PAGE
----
Location: Foodborne Toxin Detection and Prevention
Title: Use of chemosensitization to overcome fludioxonil-resistance in Penicillium expansum Authors
Submitted to: Letters in Applied Microbiology
Publication Type: Peer Reviewed Journal
Publication Acceptance Date: May 22, 2010
Publication Date: May 22, 2010
Citation: Kim, J.H., Campbell, B.C., Mahoney, N.E., Chan, K.L., Molyneux, R.J., Xiao, C. 2010. Use of chemosensitization to overcome fludioxonil-resistance in Penicillium expansum. Letters Appl. Microbiol. DOI: 10.1111/j.1472-765X Interpretive Summary: Production of apples can be hampered by fungal infections. Fungal infections can cause unsightly blemishes, or apple rot. Moreover, they can produce certain toxins that can make people sick. Infection of apples by fungi can occur in the orchard, before harvest, or when in storage, after harvest. To combat fungal infections, apples are treated with fungicides. However, the development of resistance to fungicides is an ever-increasing problem for the industry. ARS scientists have found a way to improve the effectiveness of fungicides and to, also, make resistant fungi susceptible to fungicides. This greater sensitivity is achieved through "chemosensitization", the use of safe natural products to undermine the ability of the fungi to respond to fungicidal treatments. This finding can help the apple industry by improving its ability to tackle the problem of apple rot.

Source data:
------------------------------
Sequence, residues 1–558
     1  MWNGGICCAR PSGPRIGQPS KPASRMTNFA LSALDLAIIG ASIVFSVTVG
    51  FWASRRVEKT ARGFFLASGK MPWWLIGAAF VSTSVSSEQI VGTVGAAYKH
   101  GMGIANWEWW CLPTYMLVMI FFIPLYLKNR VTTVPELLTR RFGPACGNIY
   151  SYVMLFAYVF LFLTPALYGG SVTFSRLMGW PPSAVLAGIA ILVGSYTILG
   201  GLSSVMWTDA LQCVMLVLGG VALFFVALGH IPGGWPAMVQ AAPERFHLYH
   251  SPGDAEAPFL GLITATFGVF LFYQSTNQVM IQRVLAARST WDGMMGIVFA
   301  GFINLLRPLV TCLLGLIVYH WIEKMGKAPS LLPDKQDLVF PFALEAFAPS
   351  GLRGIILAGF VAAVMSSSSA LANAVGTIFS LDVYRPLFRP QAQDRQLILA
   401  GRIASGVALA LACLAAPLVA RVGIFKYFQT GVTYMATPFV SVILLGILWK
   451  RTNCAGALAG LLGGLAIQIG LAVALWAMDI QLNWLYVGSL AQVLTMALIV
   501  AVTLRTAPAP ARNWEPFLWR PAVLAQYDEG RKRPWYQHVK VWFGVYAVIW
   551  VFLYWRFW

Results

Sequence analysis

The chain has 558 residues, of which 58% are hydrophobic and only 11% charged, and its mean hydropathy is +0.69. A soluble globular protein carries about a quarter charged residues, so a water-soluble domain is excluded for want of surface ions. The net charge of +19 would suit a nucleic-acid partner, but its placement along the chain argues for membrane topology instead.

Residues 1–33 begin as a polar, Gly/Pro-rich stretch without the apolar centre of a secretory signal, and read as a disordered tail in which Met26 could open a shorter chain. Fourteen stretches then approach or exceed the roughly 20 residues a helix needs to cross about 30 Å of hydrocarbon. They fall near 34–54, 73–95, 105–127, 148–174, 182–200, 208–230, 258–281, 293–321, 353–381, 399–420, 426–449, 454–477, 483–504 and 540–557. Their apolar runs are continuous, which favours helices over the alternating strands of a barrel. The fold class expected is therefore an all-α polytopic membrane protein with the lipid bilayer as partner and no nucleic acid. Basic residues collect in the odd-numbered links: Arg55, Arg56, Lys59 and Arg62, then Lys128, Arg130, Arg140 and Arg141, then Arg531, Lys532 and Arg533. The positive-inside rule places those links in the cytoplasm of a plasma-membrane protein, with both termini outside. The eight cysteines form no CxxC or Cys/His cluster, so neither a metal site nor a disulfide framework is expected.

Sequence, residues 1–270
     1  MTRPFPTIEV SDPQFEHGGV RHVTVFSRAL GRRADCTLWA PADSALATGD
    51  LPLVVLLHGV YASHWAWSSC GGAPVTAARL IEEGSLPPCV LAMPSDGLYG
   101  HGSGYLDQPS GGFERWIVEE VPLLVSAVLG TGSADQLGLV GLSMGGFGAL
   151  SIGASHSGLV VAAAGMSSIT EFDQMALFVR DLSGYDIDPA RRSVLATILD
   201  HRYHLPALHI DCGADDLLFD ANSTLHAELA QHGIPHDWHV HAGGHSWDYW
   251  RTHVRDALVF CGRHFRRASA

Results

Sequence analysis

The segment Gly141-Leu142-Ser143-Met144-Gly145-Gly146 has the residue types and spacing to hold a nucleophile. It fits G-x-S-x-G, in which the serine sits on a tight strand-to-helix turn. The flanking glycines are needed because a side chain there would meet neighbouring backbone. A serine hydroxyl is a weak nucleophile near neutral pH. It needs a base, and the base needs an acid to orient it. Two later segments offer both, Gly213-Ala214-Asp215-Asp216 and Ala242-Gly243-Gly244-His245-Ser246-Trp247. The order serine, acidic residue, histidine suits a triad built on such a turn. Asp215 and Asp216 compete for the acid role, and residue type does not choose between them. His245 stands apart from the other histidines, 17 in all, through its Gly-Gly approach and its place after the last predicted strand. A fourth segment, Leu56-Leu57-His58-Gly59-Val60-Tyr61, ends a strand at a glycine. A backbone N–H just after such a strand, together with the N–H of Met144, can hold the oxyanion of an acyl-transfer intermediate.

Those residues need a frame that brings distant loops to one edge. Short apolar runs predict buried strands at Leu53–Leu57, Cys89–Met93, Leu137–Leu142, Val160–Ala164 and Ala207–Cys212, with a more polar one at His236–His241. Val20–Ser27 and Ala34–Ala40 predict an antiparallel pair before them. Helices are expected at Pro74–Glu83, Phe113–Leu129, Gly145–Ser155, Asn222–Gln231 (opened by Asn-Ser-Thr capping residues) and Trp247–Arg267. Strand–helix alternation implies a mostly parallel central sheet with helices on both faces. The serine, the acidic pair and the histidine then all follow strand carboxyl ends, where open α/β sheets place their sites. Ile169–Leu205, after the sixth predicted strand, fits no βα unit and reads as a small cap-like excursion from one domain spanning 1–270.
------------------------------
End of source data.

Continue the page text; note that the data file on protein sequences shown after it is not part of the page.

Technical Abstract: Resistance in two mutant strains of Penicillium expansum to the fungicide fludioxonil was overcome by co-application of natural phenolic chemosensitizing agents that targeted various elements of the oxidative stress-response pathway. Fludioxonil resistance in these strains resulted from cell-linked interruption of normal redox homeostasis. Natural phenolic chemosensitizing agents were also found that augmented effectiveness of the fungicide, strobilurin. The efficacy of using natural, safe products as chemosensitizing agents to enhance efficacy of commercial fungicides for controlling a broad spectrum of fungal pathogens is discussed.